I find it concerning that it appears that the government is either only analyzing these strengths now, years after the fact, or that they’ve known about these trends for years, as I and many others have, including those in the Alberta oil and gas industry, which I would be most delighted to trot out in front of the Legislature here, given permission, to say exactly the same thing that I have been saying and this irresponsible government has ignored for the last two years.
Instead, they’ve chosen to pull the wool over British Columbians’ eyes about why they’re changing the rate now. Irresponsible, shameful, and not what we in British Columbia expect from a government that’s supposed to be truthful to the people of British Columbia.
Here’s another problem. The government has said over and over that it was necessary to lower the LNG income tax in order to keep B.C. competitive. Surely in arriving at that determination, the government would have completed economic projections, both in terms of revenue to the province and in terms of costs to the companies for the various tax levels they considered. Yet I haven’t seen any of these. I’m sure that the members beside me haven’t seen any of these.
What precisely is the government making their decisions on? Where are the revenue projections that lead the government to conclude that the lower tax rate would still provide British Columbians with a fair return on their resources? Is it because Shell told them so? Is it because Buddy down the street in the coffee house told them so? Not the oil and gas reps that I’ve talked to. They certainly don’t know where that’s coming from.
Has government made these projections? If so, where are they? If not, then why not? Without conducting realistic revenue projections, how can the government or we as members of this Legislature properly evaluate the validity of this tax regime? The reality is we can’t, and frankly, it’s irresponsible to proceed without this information.
Furthermore, because we don’t have this information, we also don’t have any realistic projections of how long it will take companies to pay off their net operating loss account and capital investment account balances. We therefore have no basis to determine how long the 1.5 percent tax rate will apply for or when the 3.5 percent tax rate will even ever kick in. These are impacts that we need to know if the government is going to make policy decisions grounded in evidence and analysis.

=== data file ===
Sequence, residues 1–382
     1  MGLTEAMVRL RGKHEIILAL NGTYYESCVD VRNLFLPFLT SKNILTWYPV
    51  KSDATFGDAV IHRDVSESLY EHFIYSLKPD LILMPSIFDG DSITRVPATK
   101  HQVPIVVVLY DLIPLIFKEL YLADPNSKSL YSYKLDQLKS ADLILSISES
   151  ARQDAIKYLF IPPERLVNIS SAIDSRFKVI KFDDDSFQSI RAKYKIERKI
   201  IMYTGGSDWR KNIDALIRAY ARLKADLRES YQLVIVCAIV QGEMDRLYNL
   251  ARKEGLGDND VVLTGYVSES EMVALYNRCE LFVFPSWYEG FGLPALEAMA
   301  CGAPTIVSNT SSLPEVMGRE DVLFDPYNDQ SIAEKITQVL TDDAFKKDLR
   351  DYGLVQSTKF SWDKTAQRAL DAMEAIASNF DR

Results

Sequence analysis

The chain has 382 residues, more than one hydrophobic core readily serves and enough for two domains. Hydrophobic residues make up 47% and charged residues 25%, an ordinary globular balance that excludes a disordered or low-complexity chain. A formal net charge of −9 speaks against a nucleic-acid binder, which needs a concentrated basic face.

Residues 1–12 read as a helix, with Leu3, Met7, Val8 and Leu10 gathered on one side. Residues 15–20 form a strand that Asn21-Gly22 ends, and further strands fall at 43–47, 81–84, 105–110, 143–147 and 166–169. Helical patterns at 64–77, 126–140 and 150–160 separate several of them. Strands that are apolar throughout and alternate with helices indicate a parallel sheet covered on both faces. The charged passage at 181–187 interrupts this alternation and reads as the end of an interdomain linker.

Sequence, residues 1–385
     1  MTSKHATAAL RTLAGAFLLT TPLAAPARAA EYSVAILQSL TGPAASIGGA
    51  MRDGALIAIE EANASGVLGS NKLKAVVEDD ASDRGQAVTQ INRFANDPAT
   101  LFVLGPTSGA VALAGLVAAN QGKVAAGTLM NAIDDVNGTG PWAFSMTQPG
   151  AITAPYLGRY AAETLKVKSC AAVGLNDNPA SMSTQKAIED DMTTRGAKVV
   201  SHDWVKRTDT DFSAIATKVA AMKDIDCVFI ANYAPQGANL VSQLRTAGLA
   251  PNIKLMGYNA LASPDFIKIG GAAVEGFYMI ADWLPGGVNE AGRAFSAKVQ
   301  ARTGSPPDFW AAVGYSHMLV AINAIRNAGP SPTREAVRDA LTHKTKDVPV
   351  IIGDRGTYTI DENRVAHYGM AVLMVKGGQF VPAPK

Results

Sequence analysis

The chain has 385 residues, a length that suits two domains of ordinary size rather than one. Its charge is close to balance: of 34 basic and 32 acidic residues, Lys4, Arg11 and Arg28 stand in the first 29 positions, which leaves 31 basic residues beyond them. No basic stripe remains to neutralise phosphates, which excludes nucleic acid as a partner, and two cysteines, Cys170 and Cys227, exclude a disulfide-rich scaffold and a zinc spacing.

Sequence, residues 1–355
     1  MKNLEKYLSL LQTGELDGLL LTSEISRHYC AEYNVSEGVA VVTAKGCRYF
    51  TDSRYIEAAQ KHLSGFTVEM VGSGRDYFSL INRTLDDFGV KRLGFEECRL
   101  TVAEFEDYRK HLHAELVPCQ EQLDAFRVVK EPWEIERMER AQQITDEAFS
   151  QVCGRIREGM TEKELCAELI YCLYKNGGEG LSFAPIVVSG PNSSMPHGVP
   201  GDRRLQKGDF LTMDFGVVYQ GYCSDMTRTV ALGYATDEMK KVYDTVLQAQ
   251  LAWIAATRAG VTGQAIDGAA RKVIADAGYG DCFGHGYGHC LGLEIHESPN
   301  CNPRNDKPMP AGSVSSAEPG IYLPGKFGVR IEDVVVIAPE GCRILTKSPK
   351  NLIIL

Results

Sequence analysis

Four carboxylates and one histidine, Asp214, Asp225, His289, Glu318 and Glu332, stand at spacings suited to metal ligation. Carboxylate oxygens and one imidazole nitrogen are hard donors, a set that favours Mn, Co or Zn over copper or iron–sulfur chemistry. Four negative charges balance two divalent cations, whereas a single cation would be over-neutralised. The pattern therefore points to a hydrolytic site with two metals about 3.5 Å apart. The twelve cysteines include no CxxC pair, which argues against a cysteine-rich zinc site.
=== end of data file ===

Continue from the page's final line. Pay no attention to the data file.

What about the corporate income tax rate? Of course, this isn’t the only tax cut proposed in this legislation. I’m referring here to the natural gas credit towards the B.C. corporate income tax, and under this legislation LNG companies will receive a tax credit equal to a half percent of the cost of natural gas owned by the LNG taxpayer at the LNG facility inlet, which can then be used to cut their B.C. corporate income tax rate from 11 percent to 8 percent.
I have several concerns about this. First, of course, is back to my previous point. We’ve been given no projections of the impact of this tax break. We have no idea what it will have on revenue, and, presumably, of course, the purpose of this tax break is to attract LNG companies to set up headquarters here in B.C. Yet, again, we already have some of the lowest corporate tax rates in Canada, and Canada has some of the lowest corporate tax rates in the world, so presumably, there must be some reason for this. Presumably, we already have competitive rates.